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Surgical and examination gloves can be made of different material

What you need to know about glove materials

Natural latex, Nitrile, Polyisoprene or Vinyl?

Gloves can be made from a variety of materials. The most commonly used raw materials for the production of gloves are natural rubber latex (generally referred to as latex), nitrile butadiene rubber (or simply, nitrile) and polyvinylchloride (commonly called vinyl or PVC gloves). We also use synthetic polyisoprene to manufacture certain products. However, not every material is suitable for every use. Every glove material has different chemical properties and thus is only suitable for its intended use.  

Let us briefly go through the advantages and disadvantages of the four glove materials Sempermed uses, so you can choose the right glove.  

Natural Rubber is a frequently used material for surgical gloves, examination gloves and personal protective gloves.

Latex - the 'classic' glove material 

Latex gloves are made of natural rubber latex, which is harvested from rubber trees, also known as Hevea brasiliensis. Latex offers a good resistance against many acids and alkalis. However, they are permeable to many solvents. Due to excellent elongation and a low modulus, latex gloves are very comfortable to wear. They offer the best fit and feel.  
A disadvantage of natural latex is that its proteins can cause or trigger latex allergies.  
Surgical and examination gloves are often latex gloves. They are used for example in primary care, hospitals, etc. Learn more about our latex glove portfolio here. 



Nitrile gloves

The 'allrounder' glove material  

Nitrile gloves are made of nitrile butadiene rubber (NBR), which is a synthetic material. It is a suitable alternative for people with a known latex allergy - or those who seek to prevent an allergy. Another advantage is the enhanced resistance to many chemicals, particularly to organic substances. 

Nitrile gloves are versatile and can be used in many different applications, ranging from medical use to food contact and industrial use.  


Polyisoprene gloves

Latex properties without latex allergies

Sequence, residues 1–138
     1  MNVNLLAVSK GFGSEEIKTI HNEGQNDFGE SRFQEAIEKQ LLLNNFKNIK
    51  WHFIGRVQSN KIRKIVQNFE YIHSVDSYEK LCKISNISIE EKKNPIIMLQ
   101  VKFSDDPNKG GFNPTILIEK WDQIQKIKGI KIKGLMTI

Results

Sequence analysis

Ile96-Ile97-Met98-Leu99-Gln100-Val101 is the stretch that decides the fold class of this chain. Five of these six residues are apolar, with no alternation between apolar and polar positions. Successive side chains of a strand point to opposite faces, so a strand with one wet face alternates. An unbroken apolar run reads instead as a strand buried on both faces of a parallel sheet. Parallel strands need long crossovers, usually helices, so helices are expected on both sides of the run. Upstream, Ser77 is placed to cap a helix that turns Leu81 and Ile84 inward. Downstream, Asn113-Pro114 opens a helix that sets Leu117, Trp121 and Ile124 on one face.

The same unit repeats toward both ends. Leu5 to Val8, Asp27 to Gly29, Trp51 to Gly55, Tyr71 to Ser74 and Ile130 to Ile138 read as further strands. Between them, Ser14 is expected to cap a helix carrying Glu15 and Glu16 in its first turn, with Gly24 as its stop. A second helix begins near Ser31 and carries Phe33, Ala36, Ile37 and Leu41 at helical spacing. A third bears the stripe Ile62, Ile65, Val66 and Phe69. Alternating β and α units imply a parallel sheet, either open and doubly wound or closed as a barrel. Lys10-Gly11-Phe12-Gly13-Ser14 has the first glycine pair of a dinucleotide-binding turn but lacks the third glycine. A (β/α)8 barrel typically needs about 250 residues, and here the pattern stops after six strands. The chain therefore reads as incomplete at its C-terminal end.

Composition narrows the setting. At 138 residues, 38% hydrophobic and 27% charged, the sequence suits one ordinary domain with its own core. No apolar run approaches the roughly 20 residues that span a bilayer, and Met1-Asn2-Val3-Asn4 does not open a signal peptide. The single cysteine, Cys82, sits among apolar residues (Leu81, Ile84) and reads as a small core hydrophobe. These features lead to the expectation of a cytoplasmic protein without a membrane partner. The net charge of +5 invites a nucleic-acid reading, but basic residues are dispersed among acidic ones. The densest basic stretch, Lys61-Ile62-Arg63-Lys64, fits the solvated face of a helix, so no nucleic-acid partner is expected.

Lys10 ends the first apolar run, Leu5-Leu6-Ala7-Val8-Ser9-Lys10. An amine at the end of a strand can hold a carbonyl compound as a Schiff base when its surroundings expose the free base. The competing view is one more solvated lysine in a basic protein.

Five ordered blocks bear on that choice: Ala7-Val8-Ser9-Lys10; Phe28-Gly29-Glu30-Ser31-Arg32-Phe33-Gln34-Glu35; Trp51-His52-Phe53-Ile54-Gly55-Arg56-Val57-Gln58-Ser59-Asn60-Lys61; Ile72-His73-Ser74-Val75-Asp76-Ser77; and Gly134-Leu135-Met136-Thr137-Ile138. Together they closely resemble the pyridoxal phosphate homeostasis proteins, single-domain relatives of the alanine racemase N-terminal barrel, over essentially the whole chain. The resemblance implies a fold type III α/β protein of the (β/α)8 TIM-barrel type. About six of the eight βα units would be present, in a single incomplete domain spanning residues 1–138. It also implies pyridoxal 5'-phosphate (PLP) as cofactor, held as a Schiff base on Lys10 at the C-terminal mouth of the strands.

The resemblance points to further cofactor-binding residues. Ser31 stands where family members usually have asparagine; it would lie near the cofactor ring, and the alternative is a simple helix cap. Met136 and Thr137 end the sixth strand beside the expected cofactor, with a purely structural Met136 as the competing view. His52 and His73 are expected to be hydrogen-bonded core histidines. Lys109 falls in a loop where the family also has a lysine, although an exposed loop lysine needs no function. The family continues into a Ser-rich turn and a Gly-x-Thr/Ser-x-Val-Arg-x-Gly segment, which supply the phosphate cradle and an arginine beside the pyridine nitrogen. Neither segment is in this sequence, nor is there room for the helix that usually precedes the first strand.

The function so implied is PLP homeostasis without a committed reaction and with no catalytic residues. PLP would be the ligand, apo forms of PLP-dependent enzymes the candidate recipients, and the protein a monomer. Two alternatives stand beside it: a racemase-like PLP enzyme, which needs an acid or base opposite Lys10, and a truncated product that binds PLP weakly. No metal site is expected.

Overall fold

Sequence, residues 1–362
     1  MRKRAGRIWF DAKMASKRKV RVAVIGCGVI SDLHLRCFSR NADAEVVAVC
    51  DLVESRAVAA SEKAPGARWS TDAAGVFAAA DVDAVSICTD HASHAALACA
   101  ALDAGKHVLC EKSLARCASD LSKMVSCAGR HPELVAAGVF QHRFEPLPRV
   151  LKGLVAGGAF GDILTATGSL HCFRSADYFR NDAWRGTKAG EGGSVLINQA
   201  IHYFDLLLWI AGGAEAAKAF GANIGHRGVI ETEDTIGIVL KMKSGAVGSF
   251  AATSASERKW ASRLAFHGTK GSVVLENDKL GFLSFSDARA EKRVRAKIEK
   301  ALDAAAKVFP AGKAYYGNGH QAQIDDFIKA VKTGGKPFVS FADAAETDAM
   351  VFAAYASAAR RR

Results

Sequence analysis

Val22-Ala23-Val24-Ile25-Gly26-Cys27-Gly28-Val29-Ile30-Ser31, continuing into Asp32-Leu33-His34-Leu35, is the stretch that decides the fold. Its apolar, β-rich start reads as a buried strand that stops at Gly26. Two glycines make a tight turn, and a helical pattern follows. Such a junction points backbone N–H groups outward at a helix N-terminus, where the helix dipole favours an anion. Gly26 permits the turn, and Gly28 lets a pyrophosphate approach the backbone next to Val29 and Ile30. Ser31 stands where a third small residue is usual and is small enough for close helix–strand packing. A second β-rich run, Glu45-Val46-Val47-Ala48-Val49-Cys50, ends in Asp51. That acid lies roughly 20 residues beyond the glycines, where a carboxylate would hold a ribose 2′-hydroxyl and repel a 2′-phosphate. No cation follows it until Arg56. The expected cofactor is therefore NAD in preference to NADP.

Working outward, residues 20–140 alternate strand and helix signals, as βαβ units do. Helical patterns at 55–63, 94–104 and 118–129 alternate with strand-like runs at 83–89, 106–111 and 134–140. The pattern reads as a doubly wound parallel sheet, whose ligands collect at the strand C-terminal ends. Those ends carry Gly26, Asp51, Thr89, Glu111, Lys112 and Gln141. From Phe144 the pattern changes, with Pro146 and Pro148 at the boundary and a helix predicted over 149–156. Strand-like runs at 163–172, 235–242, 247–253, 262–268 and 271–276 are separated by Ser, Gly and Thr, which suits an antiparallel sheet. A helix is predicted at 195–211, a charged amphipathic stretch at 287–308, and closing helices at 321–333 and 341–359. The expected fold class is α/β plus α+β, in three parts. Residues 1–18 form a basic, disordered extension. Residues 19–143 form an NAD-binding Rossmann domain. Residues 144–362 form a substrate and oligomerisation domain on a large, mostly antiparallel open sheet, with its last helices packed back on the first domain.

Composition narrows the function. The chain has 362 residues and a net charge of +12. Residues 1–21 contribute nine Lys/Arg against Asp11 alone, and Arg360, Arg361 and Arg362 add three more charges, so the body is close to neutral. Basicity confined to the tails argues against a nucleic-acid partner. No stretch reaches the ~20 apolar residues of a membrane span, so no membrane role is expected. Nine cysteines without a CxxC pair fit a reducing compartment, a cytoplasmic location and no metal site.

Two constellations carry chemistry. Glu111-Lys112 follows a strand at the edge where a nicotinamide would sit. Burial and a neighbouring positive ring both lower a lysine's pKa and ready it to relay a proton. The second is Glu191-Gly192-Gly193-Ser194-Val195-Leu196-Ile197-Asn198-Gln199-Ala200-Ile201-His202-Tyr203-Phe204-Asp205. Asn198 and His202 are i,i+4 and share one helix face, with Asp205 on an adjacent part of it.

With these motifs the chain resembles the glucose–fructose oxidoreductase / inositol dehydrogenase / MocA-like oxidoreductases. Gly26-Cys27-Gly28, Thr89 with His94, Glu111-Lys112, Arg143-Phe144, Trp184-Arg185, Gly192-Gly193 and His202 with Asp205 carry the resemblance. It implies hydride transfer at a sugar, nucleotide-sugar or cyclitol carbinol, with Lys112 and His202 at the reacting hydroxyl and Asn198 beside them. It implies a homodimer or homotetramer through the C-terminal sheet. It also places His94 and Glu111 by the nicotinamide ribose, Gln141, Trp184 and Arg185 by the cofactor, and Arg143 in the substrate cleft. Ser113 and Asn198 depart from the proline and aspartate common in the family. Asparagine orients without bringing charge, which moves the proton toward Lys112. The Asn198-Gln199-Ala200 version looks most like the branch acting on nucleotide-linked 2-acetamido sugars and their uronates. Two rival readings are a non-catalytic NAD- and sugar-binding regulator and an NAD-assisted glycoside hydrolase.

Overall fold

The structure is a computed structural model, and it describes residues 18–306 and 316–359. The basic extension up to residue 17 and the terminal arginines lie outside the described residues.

A synthetic alternative to latex is synthetic polyisoprene. It has the same physical properties as natural rubber latex: maximum elasticity and tear resistance. However, this material is synthetically made. Thus, it does not contain rubber proteins and is therefore free from latex allergens.  

Polyisoprene is most commonly used in surgical gloves, usually to enable glove users to continue working with gloves despite having a latex allergy. Additionally, an increasing number of healthcare institutes switch to polyisoprene as a precautionary measure to prevent new allergies. View our polyisoprene glove portfolio now. 


Vinyl Gloves

The skin-friendly alternative

Vinyl gloves are an economical alternative for applications where mechanical stress and barrier protection are less important. The skin-friendly material is suitable for users suffering from a latex or chemical allergy.

One drawback is that the use of plasticizers as a major component in the production of vinyl gloves disqualifies them from handling fats and fatty foodstuffs. This glove material is widely used in areas such as nursing or geriatric care, professional cleaning & hygiene. 


Sempermed Glove Tips

Our glove tips for the right application

  • Use the type of glove and material suited to the task.
  • Check gloves for defects before use.
  • Treat gloves carefully, where possible.
  • Avoid mechanical stress of the glove (e.g. snagging or tearing).
  • If possible, use powder-free, low-allergen gloves.
  • Disinfect and dry hands properly before using gloves.
  • Always put gloves on with clean and dry hands immediately before contact with the patient.
  • Change damaged, soiled or wet gloves immediately.
  • Use disposable gloves only once.
  • Do not disinfect hands while wearing gloves.
  • Apply hand care consistently, but do not use care products before wearing gloves.
  • Wear two pairs of gloves if one or more of the below applies: 
    • When the risk of perforation is high.
    • During hour-long operations.
    • If there is a special risk of infection.
  • Intraoperative glove changes are necessary if one or more of the below applies: 
    • At the slightest suspicion of micro-perforations.
    • If the glove slips.

You want to know more?

Read our Glove Guide and learn more about what glove to choose for your application. 

We are happy to advise you on our solutions

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